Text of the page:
2012 MLB Predictions: AL West Outlook and Betting Odds
by Robert Ferringo - 3/21/2012
The poor, poor Seattle Mariners.
It’s going to be a long season for the boys in the Pacific Northwest because, through no fault of their own, they now find themselves in the middle of a clash of titans.
The Los Angeles Angels and Texas Rangers are both gearing up for what should be one of the most competitive and best division title races in recent AL West memory. The Angels and Rangers boast stocked lineups and killer pitching staffs and either team could threaten to win 100 games this year.
And in the middle is the poor, helpless Mariners (and an Oakland team whose most redeeming quality is that, “Hey, at least we’re not Seattle!”).
The Mariners have gone just 22-54 over the last two seasons against the Rangers and Angels. That means that more than 27 percent of all of their losses have come against those two opponents. This year it could be even worse. And with the margin between the Angels and Rangers expected to be razor-thin the division may be decided based upon which team can dominate Seattle the most.
So while it is easy to get excited about the battle that the two superpowers of the West are about to engage in, I beg you to please not forget about those poor, pathetic Mariners and the hell that their season is about to become.
(And by “please not forget about” I mean, “be prepared to bet against them just about every day”.)
Here is a look at Doc’s Sports 2012 AL West preview:
Los Angeles Angels
2011 Record: 86-76 (+200)
2012 Wins Over/Under: 92.5
Odds To Win 2012 AL West: -125
Odds To Win 2012 AL Pennant: +400
2012 Los Angeles Angels Odds to Win World Series: +800
Outlook: I think that right now, today, this is the best team in baseball. Whether that will play out over 162 games remains to be seen. But I don’t know that there is a team better situated for October baseball and winning a World Series than the Angels.
This isn’t just an overreaction to Los Angeles picking up one the best free agents of the last quarter century, Albert Pujols. This was going to be a bounce-back year for the Halos regardless of whether Pujols signed or not. The Angels had averaged 92.8 wins from 2002 to 2009 before back-to-back “down” seasons of 80 and 86 wins. Injuries, some bad luck, and the rise of the Rangers all conspired against them.
But adding Pujols and getting some veterans back healthy and focused has this team entering the season with a load of confidence. Add in one of best starting pitching staffs in baseball, buoyed by the addition of free agent C.J. Wilson, and I think that this extremely experienced team enters the season focused and confident.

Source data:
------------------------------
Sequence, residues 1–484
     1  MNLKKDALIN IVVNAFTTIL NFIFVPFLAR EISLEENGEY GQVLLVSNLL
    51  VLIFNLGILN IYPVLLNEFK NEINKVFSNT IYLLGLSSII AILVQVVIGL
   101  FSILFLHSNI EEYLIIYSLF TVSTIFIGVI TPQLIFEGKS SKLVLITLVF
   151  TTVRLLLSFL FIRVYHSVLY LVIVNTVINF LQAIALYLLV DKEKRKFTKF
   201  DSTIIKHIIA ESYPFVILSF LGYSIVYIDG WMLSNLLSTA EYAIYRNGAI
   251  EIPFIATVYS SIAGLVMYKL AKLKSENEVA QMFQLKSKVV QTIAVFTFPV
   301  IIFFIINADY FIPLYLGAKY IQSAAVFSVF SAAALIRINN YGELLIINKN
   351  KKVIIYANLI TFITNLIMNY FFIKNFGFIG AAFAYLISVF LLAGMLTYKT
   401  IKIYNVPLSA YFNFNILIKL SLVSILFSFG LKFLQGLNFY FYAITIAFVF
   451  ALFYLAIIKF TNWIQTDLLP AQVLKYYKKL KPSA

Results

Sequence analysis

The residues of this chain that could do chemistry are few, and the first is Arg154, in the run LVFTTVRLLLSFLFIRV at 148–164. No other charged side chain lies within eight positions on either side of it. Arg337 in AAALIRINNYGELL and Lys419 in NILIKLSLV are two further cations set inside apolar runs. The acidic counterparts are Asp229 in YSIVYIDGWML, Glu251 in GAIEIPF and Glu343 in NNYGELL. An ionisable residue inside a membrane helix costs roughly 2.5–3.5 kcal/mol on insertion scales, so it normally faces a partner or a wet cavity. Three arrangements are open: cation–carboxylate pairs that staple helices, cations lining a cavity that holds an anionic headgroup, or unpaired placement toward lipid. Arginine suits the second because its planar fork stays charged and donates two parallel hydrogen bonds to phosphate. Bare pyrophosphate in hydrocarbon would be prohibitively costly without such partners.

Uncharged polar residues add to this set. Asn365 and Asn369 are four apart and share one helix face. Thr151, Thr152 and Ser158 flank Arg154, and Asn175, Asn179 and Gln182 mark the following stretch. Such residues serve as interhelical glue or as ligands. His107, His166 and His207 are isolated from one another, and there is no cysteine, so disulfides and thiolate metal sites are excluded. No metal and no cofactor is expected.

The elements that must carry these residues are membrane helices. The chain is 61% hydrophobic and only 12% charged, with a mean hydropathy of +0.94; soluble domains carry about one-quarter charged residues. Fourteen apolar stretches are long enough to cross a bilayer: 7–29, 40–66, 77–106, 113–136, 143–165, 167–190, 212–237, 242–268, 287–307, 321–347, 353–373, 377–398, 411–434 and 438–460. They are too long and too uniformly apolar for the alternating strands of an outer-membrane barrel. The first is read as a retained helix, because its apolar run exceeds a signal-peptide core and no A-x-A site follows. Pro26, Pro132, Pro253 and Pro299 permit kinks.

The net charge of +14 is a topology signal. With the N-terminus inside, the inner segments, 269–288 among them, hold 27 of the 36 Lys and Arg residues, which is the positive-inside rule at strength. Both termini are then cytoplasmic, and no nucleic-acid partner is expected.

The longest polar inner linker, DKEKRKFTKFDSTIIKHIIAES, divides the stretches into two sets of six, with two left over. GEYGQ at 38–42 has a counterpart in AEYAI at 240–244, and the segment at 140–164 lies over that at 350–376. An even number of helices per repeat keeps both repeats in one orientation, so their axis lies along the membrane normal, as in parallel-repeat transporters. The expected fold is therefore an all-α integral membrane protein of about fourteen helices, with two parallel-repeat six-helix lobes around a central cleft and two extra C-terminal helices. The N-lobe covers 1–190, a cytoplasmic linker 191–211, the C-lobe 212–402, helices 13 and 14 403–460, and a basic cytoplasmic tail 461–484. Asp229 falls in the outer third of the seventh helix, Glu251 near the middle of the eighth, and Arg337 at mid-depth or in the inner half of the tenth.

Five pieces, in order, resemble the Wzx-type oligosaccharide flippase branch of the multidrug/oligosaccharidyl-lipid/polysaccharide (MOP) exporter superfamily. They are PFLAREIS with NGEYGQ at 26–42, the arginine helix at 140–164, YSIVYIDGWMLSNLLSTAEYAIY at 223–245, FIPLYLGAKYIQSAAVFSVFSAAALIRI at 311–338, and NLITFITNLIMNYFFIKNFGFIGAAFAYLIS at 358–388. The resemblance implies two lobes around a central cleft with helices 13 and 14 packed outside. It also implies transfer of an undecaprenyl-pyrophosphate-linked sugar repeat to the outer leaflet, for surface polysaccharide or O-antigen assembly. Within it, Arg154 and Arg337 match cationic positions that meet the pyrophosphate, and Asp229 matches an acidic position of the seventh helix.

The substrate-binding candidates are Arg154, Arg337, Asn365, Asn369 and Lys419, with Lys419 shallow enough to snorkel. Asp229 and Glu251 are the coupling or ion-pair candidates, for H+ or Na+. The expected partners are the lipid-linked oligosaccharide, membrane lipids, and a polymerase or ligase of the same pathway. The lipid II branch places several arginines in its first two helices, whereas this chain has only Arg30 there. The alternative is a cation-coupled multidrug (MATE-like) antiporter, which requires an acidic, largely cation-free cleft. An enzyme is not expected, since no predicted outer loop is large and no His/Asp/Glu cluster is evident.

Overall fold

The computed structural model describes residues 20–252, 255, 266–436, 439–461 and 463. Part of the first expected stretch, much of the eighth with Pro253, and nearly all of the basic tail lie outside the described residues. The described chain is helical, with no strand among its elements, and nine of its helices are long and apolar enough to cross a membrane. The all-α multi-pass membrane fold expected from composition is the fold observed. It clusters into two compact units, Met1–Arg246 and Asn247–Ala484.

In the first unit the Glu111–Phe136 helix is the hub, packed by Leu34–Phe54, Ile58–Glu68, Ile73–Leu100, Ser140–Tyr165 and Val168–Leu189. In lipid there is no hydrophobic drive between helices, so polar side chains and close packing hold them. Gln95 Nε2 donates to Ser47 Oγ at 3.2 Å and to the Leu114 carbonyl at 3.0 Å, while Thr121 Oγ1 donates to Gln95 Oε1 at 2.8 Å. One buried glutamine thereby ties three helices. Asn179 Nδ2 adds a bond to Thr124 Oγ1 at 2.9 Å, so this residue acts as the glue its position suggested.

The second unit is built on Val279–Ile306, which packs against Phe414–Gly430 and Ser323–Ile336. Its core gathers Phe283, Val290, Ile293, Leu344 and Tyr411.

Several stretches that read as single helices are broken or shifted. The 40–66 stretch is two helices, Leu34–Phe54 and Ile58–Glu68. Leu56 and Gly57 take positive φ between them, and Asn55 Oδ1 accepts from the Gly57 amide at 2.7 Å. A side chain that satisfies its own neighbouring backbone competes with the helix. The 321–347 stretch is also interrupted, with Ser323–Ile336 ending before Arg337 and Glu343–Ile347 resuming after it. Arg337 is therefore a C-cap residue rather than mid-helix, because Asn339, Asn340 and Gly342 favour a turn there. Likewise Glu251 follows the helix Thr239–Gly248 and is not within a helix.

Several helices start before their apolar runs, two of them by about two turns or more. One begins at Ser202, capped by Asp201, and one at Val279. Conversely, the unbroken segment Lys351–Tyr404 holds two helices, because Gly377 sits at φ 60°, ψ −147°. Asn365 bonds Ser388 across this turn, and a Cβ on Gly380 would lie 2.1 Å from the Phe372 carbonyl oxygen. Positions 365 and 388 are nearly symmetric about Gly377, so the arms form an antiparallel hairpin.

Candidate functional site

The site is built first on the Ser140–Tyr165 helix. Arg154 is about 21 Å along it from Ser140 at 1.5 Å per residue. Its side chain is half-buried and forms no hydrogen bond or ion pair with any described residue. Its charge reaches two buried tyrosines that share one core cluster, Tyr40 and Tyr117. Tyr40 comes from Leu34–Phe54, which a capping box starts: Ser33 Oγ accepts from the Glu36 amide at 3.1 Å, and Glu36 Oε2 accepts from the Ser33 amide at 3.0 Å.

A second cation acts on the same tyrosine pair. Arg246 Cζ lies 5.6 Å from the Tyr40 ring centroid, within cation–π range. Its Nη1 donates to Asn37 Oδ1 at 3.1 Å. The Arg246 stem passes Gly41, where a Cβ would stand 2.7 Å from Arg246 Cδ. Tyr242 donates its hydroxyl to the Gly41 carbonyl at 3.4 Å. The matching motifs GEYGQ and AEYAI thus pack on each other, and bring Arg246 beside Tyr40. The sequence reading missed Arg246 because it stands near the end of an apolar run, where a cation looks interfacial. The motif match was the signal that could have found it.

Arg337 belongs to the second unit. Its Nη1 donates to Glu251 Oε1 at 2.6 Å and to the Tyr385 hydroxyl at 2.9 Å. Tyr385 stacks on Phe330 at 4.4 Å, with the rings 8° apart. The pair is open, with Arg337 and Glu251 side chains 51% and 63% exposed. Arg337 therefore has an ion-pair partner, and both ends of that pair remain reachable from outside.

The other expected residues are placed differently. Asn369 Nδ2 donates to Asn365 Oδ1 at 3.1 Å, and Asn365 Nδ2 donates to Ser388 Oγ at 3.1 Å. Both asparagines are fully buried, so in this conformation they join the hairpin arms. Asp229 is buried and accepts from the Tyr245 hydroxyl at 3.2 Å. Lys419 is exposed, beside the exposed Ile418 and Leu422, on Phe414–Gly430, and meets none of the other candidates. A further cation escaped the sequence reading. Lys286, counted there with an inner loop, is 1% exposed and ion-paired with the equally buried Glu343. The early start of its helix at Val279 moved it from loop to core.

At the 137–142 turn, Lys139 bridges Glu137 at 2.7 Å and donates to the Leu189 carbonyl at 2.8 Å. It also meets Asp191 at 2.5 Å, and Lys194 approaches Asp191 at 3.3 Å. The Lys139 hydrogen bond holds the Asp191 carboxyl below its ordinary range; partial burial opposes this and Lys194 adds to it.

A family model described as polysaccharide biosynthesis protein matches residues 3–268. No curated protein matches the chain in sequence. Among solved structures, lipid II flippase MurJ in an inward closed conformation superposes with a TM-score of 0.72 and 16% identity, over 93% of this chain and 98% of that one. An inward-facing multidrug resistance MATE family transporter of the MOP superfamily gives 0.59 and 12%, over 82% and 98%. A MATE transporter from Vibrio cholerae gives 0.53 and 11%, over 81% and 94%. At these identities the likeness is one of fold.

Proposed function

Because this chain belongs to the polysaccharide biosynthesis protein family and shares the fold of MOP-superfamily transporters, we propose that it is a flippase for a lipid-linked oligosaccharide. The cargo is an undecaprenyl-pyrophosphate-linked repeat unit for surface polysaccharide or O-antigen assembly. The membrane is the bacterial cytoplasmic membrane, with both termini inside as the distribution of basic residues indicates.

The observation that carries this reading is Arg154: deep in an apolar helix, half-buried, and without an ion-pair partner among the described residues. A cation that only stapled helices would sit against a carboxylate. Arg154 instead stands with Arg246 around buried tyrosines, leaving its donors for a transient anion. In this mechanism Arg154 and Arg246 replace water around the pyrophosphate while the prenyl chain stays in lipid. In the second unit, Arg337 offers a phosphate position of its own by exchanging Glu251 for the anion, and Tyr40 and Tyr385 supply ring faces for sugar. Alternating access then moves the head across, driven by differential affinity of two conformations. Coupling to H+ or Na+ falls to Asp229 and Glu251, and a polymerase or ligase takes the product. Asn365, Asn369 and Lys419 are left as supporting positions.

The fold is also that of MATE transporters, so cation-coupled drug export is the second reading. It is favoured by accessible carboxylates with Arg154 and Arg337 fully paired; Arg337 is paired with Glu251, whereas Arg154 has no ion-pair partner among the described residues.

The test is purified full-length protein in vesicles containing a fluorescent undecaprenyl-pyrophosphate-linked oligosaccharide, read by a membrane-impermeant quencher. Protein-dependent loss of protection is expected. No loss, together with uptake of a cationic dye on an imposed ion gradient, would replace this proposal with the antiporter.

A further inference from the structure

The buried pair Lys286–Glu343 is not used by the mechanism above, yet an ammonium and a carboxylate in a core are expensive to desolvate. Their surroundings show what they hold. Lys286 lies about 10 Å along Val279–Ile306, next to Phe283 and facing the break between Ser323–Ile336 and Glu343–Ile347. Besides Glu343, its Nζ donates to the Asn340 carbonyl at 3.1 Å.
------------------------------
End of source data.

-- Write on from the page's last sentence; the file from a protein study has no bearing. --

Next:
If there is a weakness with this group it is their shaky bullpen. This team blew the third-most saves in baseball last year (25) and has a somewhat unproven closer in Jordan Walden. But if the relief corps, which logged the fourth-fewest innings in the league, can tighten up its game then the Halos could enjoy the No. 1 seed this postseason.
2011 Record: 96-66 (+1275)
2012 Wins Over/Under: 91.5
Odds To Win 2012 AL West: +100
Odds To Win 2012 AL Pennant: +400
2012 Texas Rangers Odds To Win World Series: +800
Outlook: The Rangers have captured back-to-back American League pennants for the first time in franchise history and have the foundation back to make a run at three in a row. This team was just one out away from a World Series title (twice) last October and they have to feel like there is still plenty of unfinished business to take care of this season.
However, I don’t think that Josh Hamilton is the only Ranger that had to deal with a hangover this offseason. I think that the largest hurdle standing in front of Texas and a return trip to the postseason won’t be the rejuvenated Angels. Instead, I think that the lingering heartbreak of being oh-so-close to a championship last year will have a carryover effect onto this season.
But, of course, Texas can always smash its way out of that mental block with the best lineup in baseball. Josh Hamilton is healthy and in a contract year and other studs like Nelson Cruz, Adrian Beltre, Ian Kinsler and Michael Young didn’t forget how to swing over the winter. So the Rangers will still bash people into submission on a regular basis.